Walkabout: Sanibel Island


PHOTO GALLERY: Sanibel Island 

This barrier island, 30 minutes west of downtown Fort Myers, is known for its beaches and its seashells, but a recent visit revealed the flip side of "the Sanibel stoop."

The shells come and go. Some days are good, and some days are not.

"They are nothing like they used to be," said Emilie Alfino, manager of the Sanibel Island Historical Village.

Jose Leal, curator and science director at the Bailey-Matthews Shell Museum on Sanibel-Captiva Road, says it is a little more complicated than that.

"I don't agree, but I don't disagree," Leal said. "It is very difficult to gauge. But you have orders of magnitude more people walking the beaches now than you had 30 years ago. Because of that, the best shells are picked up really, really fast. The wealth is more divided."

The abundance of shells is largely dependent on the weather, with winter storms depositing shells on the island's beaches.

"The water is really shallow," Leal said. "The shells are moved more easily from the water to the beach."

Live shelling is banned on Sanibel, so if the shell is "occupied," leave it alone. "The shell is an intrinsic part of the animal," Leal said. "People do like to observe the animals in the shells."

Sanibel's beaches, while considered fabulous by many northern visitors, don't compare to Sarasota's Siesta Beach in sand quality.

But in Sanibel's defense, its beaches are not fringed with condominiums, either. Nature prevails. Park your car at Bowman's Beach and you can enjoy, or endure, quite a long walk through mangrove forests and over tidewater lagoons before you reach the beach.

Sanibel's public beaches are not exactly convenient, either. Most of the beachfront on the 11-mile-long island is private-access. The public beaches are relatively remote, one at either end of the island, with the largest, Bowman's, near the west end. Lighthouse Beach Park, at the east end, is closest to the three-mile-long Sanibel Causeway, which has a $6 toll.

"Some residents would like to see it at $15 or $20," said Alfino. Especially in season.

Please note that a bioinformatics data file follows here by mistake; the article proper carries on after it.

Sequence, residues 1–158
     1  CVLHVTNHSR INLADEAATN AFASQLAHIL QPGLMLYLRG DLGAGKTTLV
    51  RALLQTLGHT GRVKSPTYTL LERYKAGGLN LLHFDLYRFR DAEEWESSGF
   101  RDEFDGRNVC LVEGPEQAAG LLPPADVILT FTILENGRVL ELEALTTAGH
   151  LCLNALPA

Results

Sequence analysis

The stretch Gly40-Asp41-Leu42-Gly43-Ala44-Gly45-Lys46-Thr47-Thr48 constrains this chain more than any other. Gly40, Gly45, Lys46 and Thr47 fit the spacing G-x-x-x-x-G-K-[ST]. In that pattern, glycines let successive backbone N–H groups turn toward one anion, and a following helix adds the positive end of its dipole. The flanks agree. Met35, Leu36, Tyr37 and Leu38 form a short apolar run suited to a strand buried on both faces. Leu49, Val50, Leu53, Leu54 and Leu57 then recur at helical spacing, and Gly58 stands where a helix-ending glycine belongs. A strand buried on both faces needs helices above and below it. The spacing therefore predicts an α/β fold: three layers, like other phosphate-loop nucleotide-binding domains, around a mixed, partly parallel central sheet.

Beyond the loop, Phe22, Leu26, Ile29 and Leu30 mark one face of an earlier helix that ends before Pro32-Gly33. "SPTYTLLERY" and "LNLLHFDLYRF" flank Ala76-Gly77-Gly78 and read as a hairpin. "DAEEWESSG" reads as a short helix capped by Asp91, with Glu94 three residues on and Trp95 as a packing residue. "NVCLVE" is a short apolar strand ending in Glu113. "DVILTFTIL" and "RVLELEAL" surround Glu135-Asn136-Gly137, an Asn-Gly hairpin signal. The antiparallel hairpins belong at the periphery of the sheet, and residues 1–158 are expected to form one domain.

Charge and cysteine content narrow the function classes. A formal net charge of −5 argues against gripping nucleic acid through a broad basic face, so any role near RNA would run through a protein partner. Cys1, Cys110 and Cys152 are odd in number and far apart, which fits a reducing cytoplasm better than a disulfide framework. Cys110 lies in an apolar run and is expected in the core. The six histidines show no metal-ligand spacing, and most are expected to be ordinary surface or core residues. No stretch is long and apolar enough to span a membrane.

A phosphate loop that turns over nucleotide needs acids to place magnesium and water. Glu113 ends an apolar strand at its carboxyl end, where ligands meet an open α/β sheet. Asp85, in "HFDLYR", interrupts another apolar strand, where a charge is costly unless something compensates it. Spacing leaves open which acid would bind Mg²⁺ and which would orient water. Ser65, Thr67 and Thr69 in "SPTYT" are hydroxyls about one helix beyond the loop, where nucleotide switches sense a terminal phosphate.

The crescent-shaped island, unusual (for Florida) in that it runs mostly east and west, is very much a paradise for tourists and snowbirds drawn to all those shells, with enough shopping to occupy the occasional rainy winter day or the constant humid summer afternoons. It has fine homes, lush landscapes and 25 miles of inviting paths for walking and bicycling.

Then there is the traffic. The main road on the east end of the island, Periwinkle Way, is so jammed during season that left-hand turns are best made only in an emergency. (The locals know how to get around making mostly right-hand turns.)

Other than the J.N. "Ding" Darling National Wildlife Refuge, the old lighthouse, the shell museum and the beach, Sanibel is short on tourist attractions. But it does have a remarkable historical village. Located on land donated by the city, Sanibel Island Historical Village has a collection of nine pre-1940 buildings, many from the Settlement Era, that attract 10,000 people a year. It is a great way to keep vacationing families occupied as the sunburns heal.

"Sanibel stooping" for seashells at Lighthouse Beach Park, Sanibel Island. (Staff photo / Harold Bubil)

"Sanibel stooping" for seashells at Lighthouse Beach Park, Sanibel Island. (Staff photo / Harold Bubil)

The village is a partial solution to the problem of redevelopment. As in Sarasota, Sanibel attracts wealthy people who tend to tear down historic buildings and replace them with grand new houses.

The problem is acute because Sanibel is nearing build-out. As an island, there is not a lot of room to spare, said Alfino.

Playing a key role is the Sanibel-Captiva Conservation Foundation, which pre-dates the City of Sanibel's 1974 incorporation. Its role has been "to conserve as much land as they could on the island," Alfino said. "They have done about all they can. Two-thirds of the island is conserved, and they bought the Bailey land and conserved the house in its original location.